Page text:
The "Maverick" just played his hand on Net Neutrality, and the cards reveal a man who's outsider image doesn't quite add up.
On Thursday, Sen. John McCain introduced legislation to kill the open Internet, the deceptively named "Internet Freedom Act." The bill would stop all FCC efforts to have an open and public discussion about proposed Net Neutrality rules.
This comes from a senator who has received more money ($894,379) from AT&T, Verizon, Comcast and their lobbyists than any other member of Congress.
McCain also infamously told the media that he is "illiterate" when it comes to using the Internet and computers.
Stevens' comments erupted forth during a Commerce Committee hearing as the Senator tried to squash efforts to establish Net Neutrality rules in Congress. But rather than beating back popular support for an open Internet, Stevens exposed himself to be a senator who is disconnected from any understanding of the Internet, but determined nonetheless to push forth the agenda of those that filled his campaign coffers.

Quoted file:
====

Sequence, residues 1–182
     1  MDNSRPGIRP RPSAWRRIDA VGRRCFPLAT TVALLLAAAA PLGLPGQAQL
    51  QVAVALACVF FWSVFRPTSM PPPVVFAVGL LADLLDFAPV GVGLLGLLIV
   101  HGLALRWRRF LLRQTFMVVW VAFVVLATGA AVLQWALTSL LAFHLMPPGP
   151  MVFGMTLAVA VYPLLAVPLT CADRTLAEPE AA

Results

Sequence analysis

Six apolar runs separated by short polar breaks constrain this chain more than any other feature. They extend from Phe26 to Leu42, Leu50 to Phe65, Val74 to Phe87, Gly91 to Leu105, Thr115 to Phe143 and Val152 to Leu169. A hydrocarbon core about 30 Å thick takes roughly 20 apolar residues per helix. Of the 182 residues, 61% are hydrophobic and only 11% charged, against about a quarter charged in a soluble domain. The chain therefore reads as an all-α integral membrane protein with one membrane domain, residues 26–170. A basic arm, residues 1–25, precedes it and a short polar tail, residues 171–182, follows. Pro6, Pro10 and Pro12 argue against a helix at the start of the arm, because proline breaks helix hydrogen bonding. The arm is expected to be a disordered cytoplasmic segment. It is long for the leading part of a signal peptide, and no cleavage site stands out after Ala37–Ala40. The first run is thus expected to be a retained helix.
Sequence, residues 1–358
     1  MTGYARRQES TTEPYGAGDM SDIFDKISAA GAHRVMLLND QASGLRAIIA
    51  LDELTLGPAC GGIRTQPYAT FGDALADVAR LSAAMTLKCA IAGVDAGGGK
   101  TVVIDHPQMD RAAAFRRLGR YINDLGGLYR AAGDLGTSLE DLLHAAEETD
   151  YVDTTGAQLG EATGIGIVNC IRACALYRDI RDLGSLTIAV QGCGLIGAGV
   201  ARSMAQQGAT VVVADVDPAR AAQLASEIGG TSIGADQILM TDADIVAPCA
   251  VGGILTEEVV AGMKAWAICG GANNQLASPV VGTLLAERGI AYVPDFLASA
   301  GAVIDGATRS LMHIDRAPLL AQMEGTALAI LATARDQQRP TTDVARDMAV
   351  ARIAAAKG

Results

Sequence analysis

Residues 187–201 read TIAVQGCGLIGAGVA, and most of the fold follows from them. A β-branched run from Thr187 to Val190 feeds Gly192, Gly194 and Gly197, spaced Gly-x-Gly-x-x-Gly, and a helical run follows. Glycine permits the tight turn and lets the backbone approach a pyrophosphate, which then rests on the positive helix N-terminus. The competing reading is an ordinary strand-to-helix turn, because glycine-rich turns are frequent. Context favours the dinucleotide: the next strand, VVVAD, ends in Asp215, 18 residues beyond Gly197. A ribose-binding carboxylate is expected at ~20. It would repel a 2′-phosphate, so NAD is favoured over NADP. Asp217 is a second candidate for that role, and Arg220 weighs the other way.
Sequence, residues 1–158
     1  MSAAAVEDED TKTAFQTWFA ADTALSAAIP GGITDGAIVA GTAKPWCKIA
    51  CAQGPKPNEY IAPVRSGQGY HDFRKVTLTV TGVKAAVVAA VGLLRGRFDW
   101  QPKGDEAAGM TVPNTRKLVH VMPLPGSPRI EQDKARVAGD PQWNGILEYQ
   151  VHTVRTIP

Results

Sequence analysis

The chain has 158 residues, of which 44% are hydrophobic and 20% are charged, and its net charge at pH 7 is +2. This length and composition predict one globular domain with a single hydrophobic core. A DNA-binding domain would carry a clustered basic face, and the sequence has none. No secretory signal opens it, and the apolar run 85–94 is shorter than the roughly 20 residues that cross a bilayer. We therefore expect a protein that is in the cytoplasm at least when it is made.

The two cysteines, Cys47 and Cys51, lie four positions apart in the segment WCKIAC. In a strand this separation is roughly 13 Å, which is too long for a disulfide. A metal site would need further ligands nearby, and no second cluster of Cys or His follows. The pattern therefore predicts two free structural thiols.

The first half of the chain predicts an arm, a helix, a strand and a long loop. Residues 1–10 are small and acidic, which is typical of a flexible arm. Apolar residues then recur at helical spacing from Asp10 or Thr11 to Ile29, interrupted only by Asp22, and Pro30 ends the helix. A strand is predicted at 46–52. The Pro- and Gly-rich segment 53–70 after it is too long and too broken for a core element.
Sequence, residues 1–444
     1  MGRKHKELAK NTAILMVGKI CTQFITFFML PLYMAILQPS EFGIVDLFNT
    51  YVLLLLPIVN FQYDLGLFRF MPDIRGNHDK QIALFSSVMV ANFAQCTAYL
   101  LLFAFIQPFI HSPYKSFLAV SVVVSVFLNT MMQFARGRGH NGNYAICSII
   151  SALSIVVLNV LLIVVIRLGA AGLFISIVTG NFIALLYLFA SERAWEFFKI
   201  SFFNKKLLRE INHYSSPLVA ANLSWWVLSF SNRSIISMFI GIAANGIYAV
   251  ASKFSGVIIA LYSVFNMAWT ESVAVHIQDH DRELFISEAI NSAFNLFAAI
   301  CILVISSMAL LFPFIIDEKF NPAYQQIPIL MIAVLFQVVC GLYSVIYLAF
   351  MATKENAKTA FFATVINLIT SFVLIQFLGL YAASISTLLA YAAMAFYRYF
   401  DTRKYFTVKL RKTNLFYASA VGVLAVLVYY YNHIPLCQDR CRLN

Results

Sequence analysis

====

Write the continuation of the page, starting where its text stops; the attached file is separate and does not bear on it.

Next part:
As it was in 2006, social media has noticed, and is now awash with criticism of yet another senator cozying up to special interests. (You can join the critique here.) More mainstream media are starting to pick up on the McCain sellout as well.
This latest episode exposes the right and wrong sides of the Net Neutrality debate. And it poses a fundamental question to everyone:
Whom do you want to determine the future of the Internet?
A senator who is a mouthpiece for the same phone and cable lobby that's vying to rig the Internet and control your clicks, or the more than 1.6 million people who have called for Net Neutrality -- a group that includes the geeks who created the Internet to be an open platform.
McCain has built his reputation as an alleged "straight shooter." If he is truly a person of integrity, he would return the tainted $894,379, spike this bad bill and get behind Net Neutrality.
But don't be surprised if this "Maverick" just keeps playing the cards that AT&T has dealt him.